Editor’s note: This is the fourth in a series of posts reflecting (1) on Covenant’s recent seminar in Rome on Catholic ecclesiology and ecumenism, and (2) fresh approaches to, and promises of, Christian unity in our own time.

During our recent Covenant seminar in Rome to prepare for the celebration of the 50th Anniversary of the Anglican Centre in Rome, we considered the 2006 Agreed Statement by the International Anglican-Roman Catholic Commission for Unity and Mission (IARCCUM), Growing Together in Unity and Mission (GTUM). As part of the anniversary events, 19 pairs of IARCCUM bishops, Anglicans and Catholics from different parts of the world, were set to meet, pray, and gather together in Canterbury and Rome, ultimately receiving at an ecumenical Vespers service the blessing and commission of the Archbishop of Canterbury and the Pope. In this way, the bishops could go forth to share in the mission of the Word and kingdom of God in their respective contexts. We prepared ourselves to witness this hopeful event by thinking about and assessing what IARCCUM has already achieved in GTUM.

The document attempts two things. First, to discern “those doctrinal elements over which there is a readiness in both of our Communions to see in [the Anglican-Roman Catholic International Commission’s] work a faithful expression of what the Church of Christ teaches,” and to point candidly to “remaining difficulties” on which further work is needed (GTUM, p. 9). Archbishop Bernard Longley, currently the Catholic co-chair of ARCIC, said in a 2007 commentary on GTUM that the document is a step in the process toward preparing a declaration of agreement intended for authoritative reception by the Anglican Communion and the Roman Catholic Church.

GTUM attempts, second, “to bridge the gap between the elements of faith we hold in common and the tangible expression of that shared belief in our ecclesial lives” (p. 10). It therefore makes concrete proposals for ways in which Anglicans and Roman Catholics can share at the local level in mission, witness, and prayer. It seeks to give visible shape to the “real though imperfect communion” that already exists between us.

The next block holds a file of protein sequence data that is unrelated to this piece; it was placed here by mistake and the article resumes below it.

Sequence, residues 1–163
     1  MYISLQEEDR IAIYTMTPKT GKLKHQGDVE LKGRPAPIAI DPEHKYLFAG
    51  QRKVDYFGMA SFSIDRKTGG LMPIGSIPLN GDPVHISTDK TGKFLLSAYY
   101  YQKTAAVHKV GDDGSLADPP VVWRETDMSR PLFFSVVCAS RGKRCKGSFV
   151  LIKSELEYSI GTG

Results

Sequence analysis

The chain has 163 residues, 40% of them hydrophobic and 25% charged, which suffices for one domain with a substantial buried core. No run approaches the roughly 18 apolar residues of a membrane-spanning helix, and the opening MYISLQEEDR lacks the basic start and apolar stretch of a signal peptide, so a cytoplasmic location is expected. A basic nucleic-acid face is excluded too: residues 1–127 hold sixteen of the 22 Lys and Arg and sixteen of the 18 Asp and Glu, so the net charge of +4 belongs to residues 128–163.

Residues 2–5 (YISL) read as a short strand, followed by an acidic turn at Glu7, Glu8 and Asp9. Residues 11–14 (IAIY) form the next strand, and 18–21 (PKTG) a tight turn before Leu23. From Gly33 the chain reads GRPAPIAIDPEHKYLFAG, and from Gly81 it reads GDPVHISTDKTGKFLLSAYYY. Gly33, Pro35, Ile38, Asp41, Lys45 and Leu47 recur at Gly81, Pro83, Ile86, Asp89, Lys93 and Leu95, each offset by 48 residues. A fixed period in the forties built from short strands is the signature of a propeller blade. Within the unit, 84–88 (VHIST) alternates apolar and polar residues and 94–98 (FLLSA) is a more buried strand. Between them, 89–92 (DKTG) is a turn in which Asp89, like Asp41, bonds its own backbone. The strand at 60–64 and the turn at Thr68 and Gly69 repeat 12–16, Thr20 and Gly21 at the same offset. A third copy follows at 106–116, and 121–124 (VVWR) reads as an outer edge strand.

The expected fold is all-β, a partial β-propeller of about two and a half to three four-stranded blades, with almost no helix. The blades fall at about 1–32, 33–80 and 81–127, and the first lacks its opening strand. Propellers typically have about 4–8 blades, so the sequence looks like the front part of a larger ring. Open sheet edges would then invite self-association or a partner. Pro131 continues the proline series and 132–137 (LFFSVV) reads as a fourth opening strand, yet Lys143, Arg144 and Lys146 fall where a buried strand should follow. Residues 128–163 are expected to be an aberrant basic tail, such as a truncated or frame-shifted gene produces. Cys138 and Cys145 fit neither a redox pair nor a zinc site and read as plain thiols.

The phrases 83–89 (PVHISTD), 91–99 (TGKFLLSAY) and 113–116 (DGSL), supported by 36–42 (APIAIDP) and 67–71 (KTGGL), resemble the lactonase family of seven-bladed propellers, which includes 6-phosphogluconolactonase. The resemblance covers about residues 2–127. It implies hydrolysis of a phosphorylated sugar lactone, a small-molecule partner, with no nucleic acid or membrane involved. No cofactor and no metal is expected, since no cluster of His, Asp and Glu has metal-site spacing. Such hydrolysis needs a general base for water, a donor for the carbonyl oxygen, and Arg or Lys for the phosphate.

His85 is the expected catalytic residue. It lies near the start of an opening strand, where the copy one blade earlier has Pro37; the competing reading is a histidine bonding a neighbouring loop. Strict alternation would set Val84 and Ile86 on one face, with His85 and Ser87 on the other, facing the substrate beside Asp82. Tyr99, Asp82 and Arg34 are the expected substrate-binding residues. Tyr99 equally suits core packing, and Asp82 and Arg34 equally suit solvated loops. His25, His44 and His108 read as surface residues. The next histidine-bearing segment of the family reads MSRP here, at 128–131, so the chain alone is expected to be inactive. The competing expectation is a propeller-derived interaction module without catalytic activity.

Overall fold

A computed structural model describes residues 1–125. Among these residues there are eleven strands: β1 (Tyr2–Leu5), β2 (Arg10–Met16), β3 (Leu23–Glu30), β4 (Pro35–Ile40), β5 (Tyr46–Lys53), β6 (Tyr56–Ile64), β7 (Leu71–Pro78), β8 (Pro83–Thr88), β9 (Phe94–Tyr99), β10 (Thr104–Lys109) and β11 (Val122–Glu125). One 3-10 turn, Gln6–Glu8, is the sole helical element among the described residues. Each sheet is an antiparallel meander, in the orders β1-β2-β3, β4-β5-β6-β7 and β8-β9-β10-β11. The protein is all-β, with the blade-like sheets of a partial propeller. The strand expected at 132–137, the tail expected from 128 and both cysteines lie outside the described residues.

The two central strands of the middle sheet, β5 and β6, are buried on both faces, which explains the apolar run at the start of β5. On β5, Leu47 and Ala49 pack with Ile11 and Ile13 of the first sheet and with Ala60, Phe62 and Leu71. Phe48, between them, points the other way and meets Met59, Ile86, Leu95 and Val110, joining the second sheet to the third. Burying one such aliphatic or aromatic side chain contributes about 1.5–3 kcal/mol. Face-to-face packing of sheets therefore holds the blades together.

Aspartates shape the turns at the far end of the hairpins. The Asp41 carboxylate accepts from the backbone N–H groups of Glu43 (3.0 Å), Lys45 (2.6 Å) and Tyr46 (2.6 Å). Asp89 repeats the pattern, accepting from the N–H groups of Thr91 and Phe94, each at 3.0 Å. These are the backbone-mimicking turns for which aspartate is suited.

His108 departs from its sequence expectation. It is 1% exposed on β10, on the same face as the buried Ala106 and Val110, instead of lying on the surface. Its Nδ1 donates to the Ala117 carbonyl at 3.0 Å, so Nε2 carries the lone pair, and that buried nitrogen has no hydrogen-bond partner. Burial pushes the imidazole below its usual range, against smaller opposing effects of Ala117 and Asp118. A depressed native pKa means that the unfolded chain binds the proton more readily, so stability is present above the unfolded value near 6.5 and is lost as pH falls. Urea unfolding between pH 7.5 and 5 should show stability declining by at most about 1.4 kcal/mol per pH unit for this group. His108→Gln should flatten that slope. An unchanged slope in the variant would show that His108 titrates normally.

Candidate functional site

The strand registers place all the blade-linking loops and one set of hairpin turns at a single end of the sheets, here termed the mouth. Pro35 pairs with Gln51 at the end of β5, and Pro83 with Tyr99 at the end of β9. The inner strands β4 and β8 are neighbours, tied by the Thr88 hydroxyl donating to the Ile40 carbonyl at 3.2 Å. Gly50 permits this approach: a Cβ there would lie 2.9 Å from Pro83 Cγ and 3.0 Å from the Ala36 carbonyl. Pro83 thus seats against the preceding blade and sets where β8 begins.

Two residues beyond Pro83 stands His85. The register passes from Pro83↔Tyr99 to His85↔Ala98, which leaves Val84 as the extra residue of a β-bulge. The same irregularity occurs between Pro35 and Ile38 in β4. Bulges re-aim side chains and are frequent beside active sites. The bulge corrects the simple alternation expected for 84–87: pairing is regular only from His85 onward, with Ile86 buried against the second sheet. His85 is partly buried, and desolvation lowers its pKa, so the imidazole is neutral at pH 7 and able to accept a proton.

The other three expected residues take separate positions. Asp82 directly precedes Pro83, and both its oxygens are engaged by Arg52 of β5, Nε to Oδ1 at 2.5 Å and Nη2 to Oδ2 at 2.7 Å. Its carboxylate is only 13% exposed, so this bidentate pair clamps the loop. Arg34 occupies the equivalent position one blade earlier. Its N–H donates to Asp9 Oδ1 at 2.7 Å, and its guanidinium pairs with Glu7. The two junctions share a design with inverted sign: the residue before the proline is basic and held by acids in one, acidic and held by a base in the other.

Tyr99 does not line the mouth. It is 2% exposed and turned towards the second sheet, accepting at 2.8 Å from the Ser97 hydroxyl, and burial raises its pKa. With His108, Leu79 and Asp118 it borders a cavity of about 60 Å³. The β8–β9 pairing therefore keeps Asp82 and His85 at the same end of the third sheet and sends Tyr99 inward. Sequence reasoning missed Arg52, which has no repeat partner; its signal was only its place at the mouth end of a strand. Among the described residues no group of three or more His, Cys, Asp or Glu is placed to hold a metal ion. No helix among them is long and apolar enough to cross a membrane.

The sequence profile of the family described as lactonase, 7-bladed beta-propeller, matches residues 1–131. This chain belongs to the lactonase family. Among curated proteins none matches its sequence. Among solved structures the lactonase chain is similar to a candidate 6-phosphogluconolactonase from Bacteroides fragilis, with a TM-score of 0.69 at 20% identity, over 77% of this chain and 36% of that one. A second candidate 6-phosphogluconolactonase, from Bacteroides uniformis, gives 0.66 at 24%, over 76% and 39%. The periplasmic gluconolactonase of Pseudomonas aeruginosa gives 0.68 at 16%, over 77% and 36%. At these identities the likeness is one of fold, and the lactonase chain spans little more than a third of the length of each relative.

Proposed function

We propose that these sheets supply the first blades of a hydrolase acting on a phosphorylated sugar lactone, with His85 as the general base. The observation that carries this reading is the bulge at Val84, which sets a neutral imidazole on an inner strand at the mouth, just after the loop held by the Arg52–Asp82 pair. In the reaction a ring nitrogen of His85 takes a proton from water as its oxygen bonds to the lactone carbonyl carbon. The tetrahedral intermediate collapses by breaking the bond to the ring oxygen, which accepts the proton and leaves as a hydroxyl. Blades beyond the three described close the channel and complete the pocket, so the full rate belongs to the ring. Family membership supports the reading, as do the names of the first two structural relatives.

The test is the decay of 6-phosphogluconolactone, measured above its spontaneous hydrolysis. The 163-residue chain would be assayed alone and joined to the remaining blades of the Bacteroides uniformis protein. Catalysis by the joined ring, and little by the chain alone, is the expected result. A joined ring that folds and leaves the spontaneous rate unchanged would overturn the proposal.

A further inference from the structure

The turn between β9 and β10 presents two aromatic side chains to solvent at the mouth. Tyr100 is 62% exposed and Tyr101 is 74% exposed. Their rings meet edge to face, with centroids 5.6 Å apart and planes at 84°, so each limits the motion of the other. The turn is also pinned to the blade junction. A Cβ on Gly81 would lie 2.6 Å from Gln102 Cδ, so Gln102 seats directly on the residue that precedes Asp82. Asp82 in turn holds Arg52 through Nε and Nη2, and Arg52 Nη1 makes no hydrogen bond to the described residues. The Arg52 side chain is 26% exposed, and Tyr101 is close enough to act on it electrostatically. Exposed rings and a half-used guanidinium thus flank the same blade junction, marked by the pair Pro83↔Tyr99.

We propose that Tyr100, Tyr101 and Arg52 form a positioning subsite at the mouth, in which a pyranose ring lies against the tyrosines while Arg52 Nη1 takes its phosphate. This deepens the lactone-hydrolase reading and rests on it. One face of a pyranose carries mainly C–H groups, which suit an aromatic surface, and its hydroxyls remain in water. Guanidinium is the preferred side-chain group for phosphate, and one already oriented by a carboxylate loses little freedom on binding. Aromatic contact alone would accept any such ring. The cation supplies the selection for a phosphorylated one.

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Holding together these two stated aims is crucial, and is one of the virtues of IARCCUM and GTUM. The work of attaining substantial agreement on essential matters of faith is set in the context of the call of the Body of Christ to proclaim and disclose the coming kingdom of God and to bring all nations to repentance, faith, and discipleship; and yet there is not a naïve expectation that simply working together at soup kitchens will overcome the theological convictions that stand in the way of full, visible communion. Rather, the mission that GTUM proposes for Anglicans and Roman Catholics to share is one that will create a context of mutual charity and hospitality within which we might sort out our disagreements more effectively and thoroughly.

GTUM invites us to joint prayer to the extent that canonical disciplines allow, the kind of joint prayer of which the ecumenical vespers service was the clearest and most hopeful example possible. It promotes joint study in order to deepen the faith we share, commending for special reflection the Agreed Statements of ARCIC. It encourages the common work for the “peace and well-being of the human community” that follows from our shared theological commitments (e.g., the recent shared commitment of Anglicans and Roman Catholics to combat human trafficking as a grave crime against a humanity infinitely ennobled by the Incarnation of our Lord; and joint participation in evangelism to those who have yet to hear and respond to the Gospel).